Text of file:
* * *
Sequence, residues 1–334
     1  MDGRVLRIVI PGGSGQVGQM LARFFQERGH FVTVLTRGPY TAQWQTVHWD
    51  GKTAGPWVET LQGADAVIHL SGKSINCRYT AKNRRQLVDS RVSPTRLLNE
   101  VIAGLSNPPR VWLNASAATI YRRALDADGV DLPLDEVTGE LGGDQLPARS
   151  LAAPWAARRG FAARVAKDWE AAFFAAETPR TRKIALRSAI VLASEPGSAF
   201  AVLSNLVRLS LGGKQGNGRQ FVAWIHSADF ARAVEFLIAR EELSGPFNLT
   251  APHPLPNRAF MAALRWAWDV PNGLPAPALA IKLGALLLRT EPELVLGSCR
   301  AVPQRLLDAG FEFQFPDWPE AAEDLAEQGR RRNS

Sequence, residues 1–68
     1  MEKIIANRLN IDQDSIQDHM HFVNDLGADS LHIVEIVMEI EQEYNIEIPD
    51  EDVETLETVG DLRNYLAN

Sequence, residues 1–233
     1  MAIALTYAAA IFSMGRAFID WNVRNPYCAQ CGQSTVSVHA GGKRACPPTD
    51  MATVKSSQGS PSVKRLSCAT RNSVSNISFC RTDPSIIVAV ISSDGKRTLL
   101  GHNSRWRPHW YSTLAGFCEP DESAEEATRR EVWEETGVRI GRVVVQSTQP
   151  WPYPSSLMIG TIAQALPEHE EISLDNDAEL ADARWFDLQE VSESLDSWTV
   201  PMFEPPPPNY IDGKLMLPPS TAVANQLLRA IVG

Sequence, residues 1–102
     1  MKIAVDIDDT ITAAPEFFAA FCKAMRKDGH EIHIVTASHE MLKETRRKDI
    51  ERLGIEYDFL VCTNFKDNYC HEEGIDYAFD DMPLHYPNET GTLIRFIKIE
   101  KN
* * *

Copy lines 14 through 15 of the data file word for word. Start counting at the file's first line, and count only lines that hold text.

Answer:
    51  MATVKSSQGS PSVKRLSCAT RNSVSNISFC RTDPSIIVAV ISSDGKRTLL
   101  GHNSRWRPHW YSTLAGFCEP DESAEEATRR EVWEETGVRI GRVVVQSTQP